Sunday, July 5, 2015


POSTED: Tuesday, November 4, 2008, 8:42 AM
Filed Under: McCain | Philadelphia
Sam Wood reports:


8:38 a.m.

Republican election board workers in at least six precincts in Philadelphia have been tossed by the Democrat judge of elections, the McCain campaign is reporting. The reason provided was that they are the minority party. Election board workers guard the legitimacy of the election process.

Sam Wood @ 8:42 AM  Permalink | 0 comments
POSTED: Tuesday, November 4, 2008, 8:30 AM
Emilie Lounsberry reports:

8:28 a.m.
The line at the Goodnoe Elementary School in Newtown, Bucks County, was long but fast-moving once polls opened at 7 a.m.  By then, about 200 people were in line, and it was a happy group. People brought coffee, newspapers, books and babies.

Tom Calibeo of Newtown said he came prepared with a cup of coffee and his Wall Street Journal. But even as he was getting ready this morning, he said, he still hadn't completely settled on a presidential choice. But he said he had finally decided.

Inquirer Online Desk @ 8:30 AM  Permalink | 0 comments
POSTED: Tuesday, November 4, 2008, 7:55 AM

A report from the Inquirer's Peter Mucha:

7:30 a.m. Finally, a McCain supporter here at the Kilmer Elementary polling place on Chapel Avenue in Cherry Hill.

Sorry, no time to talk, says the young bearded man in a yarmulke before driving off in his Toyota.

Peter Mucha @ 7:55 AM  Permalink | 0 comments
POSTED: Tuesday, November 4, 2008, 7:34 AM
Kathy Boccella reports:

7:25 a.m.

Forty people lined up outside the Brookline Fire Company at 7 a.m. including longtime friends Janet Chrzan, 44, a Democratic ward leader and Rona Schwartz, 51, a former Republican committeewoman. “We’ve never seen anything like this before,” Chrzan said of the crowd. “This is fantastic.”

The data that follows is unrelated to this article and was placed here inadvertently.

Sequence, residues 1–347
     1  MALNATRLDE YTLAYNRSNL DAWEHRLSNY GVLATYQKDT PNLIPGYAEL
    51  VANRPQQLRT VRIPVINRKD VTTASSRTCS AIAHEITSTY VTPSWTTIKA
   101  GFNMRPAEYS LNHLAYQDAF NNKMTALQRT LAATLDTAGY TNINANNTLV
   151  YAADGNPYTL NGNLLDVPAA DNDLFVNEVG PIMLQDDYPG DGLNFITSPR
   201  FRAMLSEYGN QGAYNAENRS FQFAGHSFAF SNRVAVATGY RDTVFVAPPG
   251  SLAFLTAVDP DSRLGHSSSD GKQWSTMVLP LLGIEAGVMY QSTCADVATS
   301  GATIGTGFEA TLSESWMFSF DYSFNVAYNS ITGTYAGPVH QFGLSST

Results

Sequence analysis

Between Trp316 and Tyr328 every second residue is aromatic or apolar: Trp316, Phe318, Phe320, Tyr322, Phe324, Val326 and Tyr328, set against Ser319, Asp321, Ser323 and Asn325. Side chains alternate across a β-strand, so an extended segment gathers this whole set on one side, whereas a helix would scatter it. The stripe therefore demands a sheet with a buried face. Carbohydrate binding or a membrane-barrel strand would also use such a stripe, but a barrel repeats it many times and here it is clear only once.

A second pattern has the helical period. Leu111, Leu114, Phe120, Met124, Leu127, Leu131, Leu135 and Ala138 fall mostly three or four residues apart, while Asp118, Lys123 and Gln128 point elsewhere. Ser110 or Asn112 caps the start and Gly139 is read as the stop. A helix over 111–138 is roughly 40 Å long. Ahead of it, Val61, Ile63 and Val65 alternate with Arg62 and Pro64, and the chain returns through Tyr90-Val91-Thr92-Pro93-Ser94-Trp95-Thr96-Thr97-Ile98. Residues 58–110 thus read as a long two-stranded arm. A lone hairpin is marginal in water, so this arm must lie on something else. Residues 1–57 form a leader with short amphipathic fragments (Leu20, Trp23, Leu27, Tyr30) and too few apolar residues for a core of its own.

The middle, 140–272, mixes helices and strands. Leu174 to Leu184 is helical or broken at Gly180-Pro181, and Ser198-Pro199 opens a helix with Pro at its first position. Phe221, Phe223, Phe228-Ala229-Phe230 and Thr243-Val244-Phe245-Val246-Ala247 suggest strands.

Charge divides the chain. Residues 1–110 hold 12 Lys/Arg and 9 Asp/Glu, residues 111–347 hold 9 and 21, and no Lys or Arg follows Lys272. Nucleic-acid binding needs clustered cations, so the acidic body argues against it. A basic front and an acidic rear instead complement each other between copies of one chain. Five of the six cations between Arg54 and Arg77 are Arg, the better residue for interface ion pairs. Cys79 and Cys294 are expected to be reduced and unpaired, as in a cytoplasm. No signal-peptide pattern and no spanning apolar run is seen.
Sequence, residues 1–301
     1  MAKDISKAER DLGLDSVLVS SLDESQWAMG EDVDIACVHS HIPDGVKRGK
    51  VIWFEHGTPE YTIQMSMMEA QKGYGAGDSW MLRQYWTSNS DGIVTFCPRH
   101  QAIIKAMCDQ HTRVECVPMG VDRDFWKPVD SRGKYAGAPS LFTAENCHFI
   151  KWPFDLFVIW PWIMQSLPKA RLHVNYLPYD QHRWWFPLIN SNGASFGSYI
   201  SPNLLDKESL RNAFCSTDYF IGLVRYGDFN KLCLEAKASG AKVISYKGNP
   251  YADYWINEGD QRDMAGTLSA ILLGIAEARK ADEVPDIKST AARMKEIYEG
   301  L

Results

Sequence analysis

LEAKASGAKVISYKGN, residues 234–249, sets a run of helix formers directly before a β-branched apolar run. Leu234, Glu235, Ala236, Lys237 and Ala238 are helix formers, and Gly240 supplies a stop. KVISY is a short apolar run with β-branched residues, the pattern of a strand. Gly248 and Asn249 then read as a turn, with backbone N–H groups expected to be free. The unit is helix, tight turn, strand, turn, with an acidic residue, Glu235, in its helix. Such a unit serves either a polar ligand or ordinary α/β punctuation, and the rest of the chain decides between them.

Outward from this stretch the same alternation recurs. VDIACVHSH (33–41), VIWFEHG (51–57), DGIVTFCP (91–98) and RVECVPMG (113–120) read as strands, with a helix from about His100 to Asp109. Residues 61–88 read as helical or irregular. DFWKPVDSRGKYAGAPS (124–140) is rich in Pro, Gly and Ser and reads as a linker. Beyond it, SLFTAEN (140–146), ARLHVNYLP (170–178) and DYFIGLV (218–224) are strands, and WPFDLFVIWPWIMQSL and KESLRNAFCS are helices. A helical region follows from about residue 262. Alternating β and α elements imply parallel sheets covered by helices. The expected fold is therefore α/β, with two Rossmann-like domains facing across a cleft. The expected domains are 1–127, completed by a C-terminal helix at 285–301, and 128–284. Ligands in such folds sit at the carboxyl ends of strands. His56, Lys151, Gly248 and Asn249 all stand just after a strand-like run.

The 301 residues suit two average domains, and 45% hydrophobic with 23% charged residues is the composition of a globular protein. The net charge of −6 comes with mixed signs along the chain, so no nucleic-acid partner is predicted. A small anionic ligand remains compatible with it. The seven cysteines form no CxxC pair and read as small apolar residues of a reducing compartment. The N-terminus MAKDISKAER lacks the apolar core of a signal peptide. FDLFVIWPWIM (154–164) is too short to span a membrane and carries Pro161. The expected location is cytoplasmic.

Inquirer Online Desk @ 7:34 AM  Permalink | 0 comments
POSTED: Tuesday, November 4, 2008, 7:24 AM

A small sampling of voters outside Joyce Kilmer Elementary, a polling place in Cherry Hill, in a small way seemed to confirm what experts have been saying: Republican John McCain will have trouble in New Jersey.

Either of you vote for McCain? I asked a couple of gray-haired women heading for a car. "I think you have the wrong township," said one, as both declined to be interviewed.

Not reluctant was Concetta Seminara, 38, an editor for an academic publisher. "I was originally going to vote for McCain, but I changed my mind because of Sarah Palin," she said. She's also been dismayed about how long the war in Iraq has dragged on. "Hopefully, Obama will be able to wrap it up." She even expressed fears about McCain being "a hothead" who'd get the country into new wars. In her travels abroad, she found America's reputation in the world has really declined. "I hope Obama can restore the good name of the United States." "I feel pretty much betrayed by the Republican Party," she said, adding that under President Bush, the party has worried most about "the wealthiest segment."

Peter Mucha @ 7:24 AM  Permalink | 0 comments
POSTED: Tuesday, November 4, 2008, 7:21 AM
Public Works employee Mark Kokoszka puts the American flag up outside Haddonfield Borough Hall, a polling place for the town's 2d Voting District, in the pre-dawn gloom this morning, as polls open in New Jersey at 6 a.m. (TOM GRALISH / Staff Photographer)
Ed Colimore reports:

7:15 a.m.

Jim Mathews has never seen such crowds at the polling place where he votes in Westampton. Rancocas Road is choked with cars.

Inquirer Online Desk @ 7:21 AM  Permalink | 0 comments
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The Inauguration: Jan. 20 blog brings you coverage of President-elect Barack Obama's transition into office.

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Thomas FitzgeraldThomas Fitzgerald joined The Philadelphia Inquirer in 2000, and has covered Harrisburg as well as city, state and national politics for the newspaper. He was a “boy on the bus” in the 2004 presidential campaign and during primary contests in 2000 and 1996.

Nathan Gorenstein has covered politics and government in the city, state and nation for the Inquirer. He's worked in the city hall bureau, had a stint on the business desk, and once covered the suburbs. After serving as assistant regional editor, he was named editor of the "Politics" web site.

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